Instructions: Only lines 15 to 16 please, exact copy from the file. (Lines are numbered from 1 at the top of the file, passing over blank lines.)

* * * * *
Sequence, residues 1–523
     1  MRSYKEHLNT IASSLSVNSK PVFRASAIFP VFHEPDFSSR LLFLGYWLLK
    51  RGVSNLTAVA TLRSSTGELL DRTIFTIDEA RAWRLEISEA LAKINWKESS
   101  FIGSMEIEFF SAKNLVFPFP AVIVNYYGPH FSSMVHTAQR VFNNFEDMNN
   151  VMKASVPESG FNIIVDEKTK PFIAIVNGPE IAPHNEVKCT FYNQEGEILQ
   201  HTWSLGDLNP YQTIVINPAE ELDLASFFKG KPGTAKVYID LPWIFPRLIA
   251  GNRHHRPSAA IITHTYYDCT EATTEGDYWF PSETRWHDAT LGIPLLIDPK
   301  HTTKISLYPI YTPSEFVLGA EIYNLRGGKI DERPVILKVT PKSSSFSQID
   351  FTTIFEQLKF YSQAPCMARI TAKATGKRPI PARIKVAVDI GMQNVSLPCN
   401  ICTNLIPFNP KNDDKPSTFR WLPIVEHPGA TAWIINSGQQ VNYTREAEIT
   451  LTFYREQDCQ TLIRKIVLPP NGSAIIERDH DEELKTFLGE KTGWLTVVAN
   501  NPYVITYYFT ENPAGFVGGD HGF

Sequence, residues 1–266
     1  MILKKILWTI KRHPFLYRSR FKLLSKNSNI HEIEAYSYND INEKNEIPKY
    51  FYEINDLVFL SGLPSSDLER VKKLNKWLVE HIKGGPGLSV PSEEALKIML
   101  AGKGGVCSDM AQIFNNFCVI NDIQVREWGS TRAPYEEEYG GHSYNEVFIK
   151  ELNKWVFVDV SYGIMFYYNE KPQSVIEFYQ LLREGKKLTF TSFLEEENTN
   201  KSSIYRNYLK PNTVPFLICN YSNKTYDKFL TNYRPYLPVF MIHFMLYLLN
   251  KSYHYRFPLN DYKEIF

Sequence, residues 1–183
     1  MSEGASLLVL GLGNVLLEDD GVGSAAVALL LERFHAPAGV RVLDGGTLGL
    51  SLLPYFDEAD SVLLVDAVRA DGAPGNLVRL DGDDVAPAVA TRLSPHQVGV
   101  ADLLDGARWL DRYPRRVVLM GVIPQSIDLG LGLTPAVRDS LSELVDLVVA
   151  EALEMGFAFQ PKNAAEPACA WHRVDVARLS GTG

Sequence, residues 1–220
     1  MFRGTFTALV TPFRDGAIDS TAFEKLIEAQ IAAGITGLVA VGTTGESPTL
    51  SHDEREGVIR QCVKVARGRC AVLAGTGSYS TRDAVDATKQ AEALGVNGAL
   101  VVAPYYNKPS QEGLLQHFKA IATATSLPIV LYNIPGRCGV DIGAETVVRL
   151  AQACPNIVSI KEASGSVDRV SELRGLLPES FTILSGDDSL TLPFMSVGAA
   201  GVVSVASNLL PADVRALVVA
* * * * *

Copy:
    51  FYEINDLVFL SGLPSSDLER VKKLNKWLVE HIKGGPGLSV PSEEALKIML
   101  AGKGGVCSDM AQIFNNFCVI NDIQVREWGS TRAPYEEEYG GHSYNEVFIK